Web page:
Since filing for Chapter 11 bankruptcy earlier in November, Oklahoma City-based Gulfport Energy Corp contends a number of things led to its path to the bankruptcy court—but mostly it blames the actions of the Midship gas pipeline owned by Cheniere Energy.
Gulfport contends its liquidity was constrained in early 2020 by lower revenue, high fixed costs including interest on its unsecured notes and firm transportation rates sometimes resulting in reduced margin versus selling natural gas in-basin.
But in a filing in the U.S. Bankruptcy Court of Southern Texas, Gulfport points a finger of blame at Cheniere Energy’s Midship pipeline, a 234-mile project that became operational in the past year moving gas out of Oklahoma’s STACK and SCOOP plays to Gulf Coast and Southeast markets.
The line became operational in April nearly a year after it was originally scheduled. The 1.44 Bcf/d line moves gas from the SCOOP and the Sooner Trend of the Anadarko Basin, mostly in Canadian and Kingfisher counties (STACK).
“To obtain leverage in ongoing contract negotiations and secure an advantageous cash position prior to Gulfport’s bankruptcy, Midship made false statements to Scotia Bank and wrongfully drew $75.6 million” from the letter of credit, Gulfport said in a complaint.
“The Debtors’ liquidity position was also worsened by the actions of Midship,” stated Gulfport in the late November court filing.
The firm agreed in July of this year to pay $32.9 million to Midship as a prepayment for reservation charges and Gulfport’s parent would provide a $34 million surety bond to Gulfport with the intention of lowering an existing $75.6 million letter of credit already in place in favor of Midship. It would have not only lowered the letter of credit to $12.2 million but would have also resulted in $79.1 million in credit assurance to Midship.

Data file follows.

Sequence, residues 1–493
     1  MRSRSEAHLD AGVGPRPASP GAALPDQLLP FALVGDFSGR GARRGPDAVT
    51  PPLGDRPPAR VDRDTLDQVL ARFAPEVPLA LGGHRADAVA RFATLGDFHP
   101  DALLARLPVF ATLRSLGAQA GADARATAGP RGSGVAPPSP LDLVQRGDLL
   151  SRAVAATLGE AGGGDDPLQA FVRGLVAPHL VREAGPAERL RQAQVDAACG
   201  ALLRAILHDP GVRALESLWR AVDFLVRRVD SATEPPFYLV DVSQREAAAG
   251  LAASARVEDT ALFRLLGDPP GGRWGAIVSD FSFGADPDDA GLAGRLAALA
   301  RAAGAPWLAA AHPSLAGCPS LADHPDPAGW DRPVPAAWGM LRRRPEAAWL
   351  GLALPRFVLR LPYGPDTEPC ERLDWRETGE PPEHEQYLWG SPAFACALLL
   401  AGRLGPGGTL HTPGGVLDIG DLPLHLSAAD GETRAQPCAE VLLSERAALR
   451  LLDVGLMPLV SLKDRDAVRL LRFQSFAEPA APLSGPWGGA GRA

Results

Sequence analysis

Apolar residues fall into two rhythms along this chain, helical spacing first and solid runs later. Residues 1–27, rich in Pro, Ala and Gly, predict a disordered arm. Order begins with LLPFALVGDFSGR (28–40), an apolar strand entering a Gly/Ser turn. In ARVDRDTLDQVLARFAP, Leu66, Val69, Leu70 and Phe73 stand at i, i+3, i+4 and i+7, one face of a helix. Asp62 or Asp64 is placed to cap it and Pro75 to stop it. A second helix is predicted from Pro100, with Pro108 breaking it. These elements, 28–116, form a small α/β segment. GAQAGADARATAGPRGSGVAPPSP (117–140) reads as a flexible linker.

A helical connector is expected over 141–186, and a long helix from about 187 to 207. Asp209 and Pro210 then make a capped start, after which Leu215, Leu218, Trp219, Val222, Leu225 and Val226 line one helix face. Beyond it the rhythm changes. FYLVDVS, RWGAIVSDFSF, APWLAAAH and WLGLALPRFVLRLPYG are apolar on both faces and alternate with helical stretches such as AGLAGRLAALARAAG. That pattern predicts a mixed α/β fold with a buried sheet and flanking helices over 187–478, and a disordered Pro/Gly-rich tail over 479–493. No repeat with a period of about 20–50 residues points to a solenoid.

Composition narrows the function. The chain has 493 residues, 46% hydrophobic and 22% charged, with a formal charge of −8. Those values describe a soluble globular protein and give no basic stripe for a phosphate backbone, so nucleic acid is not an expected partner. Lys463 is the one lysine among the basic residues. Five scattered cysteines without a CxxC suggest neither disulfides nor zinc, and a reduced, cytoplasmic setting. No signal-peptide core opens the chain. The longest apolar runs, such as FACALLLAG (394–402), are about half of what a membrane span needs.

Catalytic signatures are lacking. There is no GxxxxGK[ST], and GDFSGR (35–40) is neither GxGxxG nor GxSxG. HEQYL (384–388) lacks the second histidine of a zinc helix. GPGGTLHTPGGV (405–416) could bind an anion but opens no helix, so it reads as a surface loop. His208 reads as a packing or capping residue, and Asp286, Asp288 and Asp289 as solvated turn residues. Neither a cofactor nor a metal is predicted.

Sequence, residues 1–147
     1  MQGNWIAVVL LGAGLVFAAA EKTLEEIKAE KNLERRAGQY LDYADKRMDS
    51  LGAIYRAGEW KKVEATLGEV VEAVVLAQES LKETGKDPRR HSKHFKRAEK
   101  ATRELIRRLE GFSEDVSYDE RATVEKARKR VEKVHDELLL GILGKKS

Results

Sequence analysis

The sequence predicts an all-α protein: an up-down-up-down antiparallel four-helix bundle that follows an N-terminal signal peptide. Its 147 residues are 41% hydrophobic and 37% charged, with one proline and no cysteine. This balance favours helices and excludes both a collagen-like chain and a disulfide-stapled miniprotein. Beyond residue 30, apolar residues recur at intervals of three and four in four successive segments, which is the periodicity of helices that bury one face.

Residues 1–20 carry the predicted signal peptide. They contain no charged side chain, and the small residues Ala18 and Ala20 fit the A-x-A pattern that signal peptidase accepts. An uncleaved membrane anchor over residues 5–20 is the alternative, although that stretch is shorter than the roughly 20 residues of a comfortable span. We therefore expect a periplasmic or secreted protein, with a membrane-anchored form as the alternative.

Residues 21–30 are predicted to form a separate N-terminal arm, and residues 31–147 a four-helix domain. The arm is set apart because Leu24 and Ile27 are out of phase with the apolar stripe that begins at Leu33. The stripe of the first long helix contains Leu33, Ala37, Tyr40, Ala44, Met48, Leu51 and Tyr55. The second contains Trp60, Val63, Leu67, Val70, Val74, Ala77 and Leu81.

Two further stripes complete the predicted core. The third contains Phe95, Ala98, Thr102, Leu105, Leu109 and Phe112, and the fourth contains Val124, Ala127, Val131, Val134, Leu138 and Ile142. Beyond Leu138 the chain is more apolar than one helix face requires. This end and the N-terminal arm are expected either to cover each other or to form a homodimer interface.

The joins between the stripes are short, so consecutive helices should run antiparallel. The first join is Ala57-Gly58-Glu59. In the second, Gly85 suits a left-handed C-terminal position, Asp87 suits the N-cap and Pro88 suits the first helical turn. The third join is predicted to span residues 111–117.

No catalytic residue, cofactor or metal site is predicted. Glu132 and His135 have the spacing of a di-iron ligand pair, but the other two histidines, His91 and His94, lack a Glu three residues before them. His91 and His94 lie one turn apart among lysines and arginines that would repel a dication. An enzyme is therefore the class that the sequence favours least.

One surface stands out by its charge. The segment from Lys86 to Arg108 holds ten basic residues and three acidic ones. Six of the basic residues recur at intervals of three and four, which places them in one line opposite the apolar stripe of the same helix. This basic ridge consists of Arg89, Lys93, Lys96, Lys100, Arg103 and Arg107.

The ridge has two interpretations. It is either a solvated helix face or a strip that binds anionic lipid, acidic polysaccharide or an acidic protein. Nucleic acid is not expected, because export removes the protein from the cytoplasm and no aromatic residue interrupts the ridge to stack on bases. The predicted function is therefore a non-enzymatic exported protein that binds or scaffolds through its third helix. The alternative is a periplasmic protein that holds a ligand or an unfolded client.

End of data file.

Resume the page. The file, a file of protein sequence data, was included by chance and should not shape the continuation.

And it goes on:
Gulfport contends that in late September, it made the $32.9 million prepayment in cash and a few days later, Midship drew down the full $75.6 million in the letter of credit in place. It resulted in Midship receiving $108.5 million cash from Gulfport.
“These actions severely affected the Debtors’ liquidity, as Midship was only entitled to $79.1 million in credit assurance
under the fourth amendment,” claimed Gulfport in its bankruptcy court filing.
Gulfport had already been in mid-September talks with operators of the Rockies Express Pipeline and revealed that if it could not get some relief, it would have to file Chapter 11 bankruptcy. Gulfport says a day after talks with the REX pipeline, REX filed a petition with the Federal Energy Regulatory Commission seeking an order that FERC had exclusive jurisdiction in the publics’ interest over the REX contract with Gulfport.
Midship, Rover Pipeline and subsidiaries of TC Energy Corporation joined REX in petitioning the FERC.
FERC eventually ruled in early November that Gulfport could not change the contract that had a value of approximately $380 million with Cheniere Energy.
About a week later, Gulfport filed Chapter 11.